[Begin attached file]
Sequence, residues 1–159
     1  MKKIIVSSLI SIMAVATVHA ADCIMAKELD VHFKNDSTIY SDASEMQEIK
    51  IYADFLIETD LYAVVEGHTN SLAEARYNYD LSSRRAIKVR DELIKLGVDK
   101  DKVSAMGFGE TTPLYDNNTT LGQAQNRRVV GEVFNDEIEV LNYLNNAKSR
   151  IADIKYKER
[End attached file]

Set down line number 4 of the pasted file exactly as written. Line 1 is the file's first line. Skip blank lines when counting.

   101  DKVSAMGFGE TTPLYDNNTT LGQAQNRRVV GEVFNDEIEV LNYLNNAKSR